The establishment of a range of subjects identified as ‘disciplines’ suitable for study in higher education is not much more than a century old in Britain, arriving with the broadening of the university curriculum during the nineteenth century and the creation of new universities to add to Oxford and Cambridge and the existing Scottish universities. Until then the medieval curriculum adapted in the sixteenth century persisted, although Cambridge especially honoured a bent for Mathematics. ‘Research’, first in the natural sciences, then in all subjects, only slowly became an expectation. The higher doctorates did not become research degrees until late in the nineteenth century and the research PhD was not awarded in Britain until the beginning of the twentieth century, when US universities were beginning to offer doctorates and they were established as a competitive attraction in the UK .
The notion of ‘interdisciplinarity’ is even more recent. The new ‘disciplines’ gained ‘territories’ with the emergence of departments and faculties to specialise in them and supervise the teaching and examining of students choosing a particular subject. In this developing system in universities the academic who did not fully belong, or who made active connections between disciplines still in process of defining themselves, could indeed seem a misfit. The interdisciplinary was often disparaged as neither one discipline nor another and often regarded by mainstream specialists as inherently imperfect. Taking an interest in more than one field of research or teaching might perhaps be better described as ‘multi-disciplinary’ and requires a degree of cooperativeness among those in charge of the separate disciplines. But it is still not easy for an interdisciplinary combination to become a recognised intellectual whole in its own right, though ‘Biochemistry’ shows it can be done.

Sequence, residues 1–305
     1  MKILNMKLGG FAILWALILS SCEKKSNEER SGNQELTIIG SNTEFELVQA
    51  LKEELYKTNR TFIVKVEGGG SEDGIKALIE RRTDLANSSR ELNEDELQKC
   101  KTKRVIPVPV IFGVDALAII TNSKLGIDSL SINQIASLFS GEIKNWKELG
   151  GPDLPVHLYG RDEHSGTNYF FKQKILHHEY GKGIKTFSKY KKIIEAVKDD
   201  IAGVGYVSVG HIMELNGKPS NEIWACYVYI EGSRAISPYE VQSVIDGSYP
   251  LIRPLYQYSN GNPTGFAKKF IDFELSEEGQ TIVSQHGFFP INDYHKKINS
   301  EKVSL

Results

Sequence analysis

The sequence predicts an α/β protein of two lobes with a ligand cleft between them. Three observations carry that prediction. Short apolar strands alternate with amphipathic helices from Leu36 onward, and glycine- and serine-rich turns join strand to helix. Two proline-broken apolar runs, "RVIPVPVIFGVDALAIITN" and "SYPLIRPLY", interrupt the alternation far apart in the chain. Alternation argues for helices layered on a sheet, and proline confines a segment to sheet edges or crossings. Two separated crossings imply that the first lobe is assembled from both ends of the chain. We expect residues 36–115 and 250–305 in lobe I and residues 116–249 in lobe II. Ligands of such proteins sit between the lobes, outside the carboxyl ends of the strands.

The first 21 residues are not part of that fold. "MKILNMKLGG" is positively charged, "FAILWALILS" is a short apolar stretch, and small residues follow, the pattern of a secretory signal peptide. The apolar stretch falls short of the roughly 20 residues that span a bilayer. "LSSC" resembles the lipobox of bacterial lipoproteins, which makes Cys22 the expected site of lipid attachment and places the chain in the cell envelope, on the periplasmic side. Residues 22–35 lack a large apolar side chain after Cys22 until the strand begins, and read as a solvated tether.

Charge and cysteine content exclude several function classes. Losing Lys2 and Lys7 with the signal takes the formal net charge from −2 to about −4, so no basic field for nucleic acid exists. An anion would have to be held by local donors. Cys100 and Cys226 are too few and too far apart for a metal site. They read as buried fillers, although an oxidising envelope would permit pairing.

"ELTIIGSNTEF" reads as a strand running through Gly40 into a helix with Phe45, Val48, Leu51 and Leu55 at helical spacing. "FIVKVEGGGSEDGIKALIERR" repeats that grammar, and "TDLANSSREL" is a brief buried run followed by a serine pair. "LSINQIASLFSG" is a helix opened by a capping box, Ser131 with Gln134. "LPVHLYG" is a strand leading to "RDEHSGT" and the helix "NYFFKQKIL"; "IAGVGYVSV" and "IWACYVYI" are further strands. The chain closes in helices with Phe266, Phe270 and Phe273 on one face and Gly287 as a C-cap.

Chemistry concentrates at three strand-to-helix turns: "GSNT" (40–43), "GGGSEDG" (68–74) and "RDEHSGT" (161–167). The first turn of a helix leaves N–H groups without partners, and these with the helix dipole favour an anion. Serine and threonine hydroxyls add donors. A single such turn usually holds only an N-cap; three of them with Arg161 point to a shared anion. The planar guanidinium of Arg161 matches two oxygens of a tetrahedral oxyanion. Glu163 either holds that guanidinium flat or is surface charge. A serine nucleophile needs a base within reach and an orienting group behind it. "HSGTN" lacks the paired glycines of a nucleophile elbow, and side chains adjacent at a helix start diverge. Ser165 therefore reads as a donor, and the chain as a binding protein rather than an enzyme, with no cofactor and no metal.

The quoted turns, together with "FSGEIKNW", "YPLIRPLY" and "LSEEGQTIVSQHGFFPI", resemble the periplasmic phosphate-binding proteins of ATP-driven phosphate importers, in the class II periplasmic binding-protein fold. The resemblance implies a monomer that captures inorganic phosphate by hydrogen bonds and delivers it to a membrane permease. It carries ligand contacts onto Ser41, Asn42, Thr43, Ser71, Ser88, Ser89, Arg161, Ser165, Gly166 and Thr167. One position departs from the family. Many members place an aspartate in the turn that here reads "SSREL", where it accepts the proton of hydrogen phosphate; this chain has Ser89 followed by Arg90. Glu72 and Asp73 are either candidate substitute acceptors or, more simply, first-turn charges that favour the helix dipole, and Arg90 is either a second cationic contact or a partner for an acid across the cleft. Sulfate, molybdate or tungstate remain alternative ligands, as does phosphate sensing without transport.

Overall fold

Research selectivity and interdisciplinarity
The ‘research selectivity’ exercises which began in the late 1980s evolved into the Research Assessment Exercises (1986, 1989, 1992, 1996, 2001, 2008), now the Research Excellence Framework. The RAE Panels were made up of established academics in the relevant discipline and by the late 1990s there were complaints that this disadvantaged interdisciplinary researchers. The Higher Education Funding Council for England and the other statutory funding bodies prompted a review, and in November 1997 the University of Cambridge received the consultation paper sent round by HEFCE. A letter in response from Cambridge’s Vice-Chancellor was published, giving answers to questions posed in the consultation paper. Essential, it was urged, were ‘clarity and uniformity of application of criteria’. It suggested that: “… there should be greater interaction, consistency, and comparability between the panels than in 1996, especially in cognate subject areas. This would, inter alia, improve the assessment of interdisciplinary work.”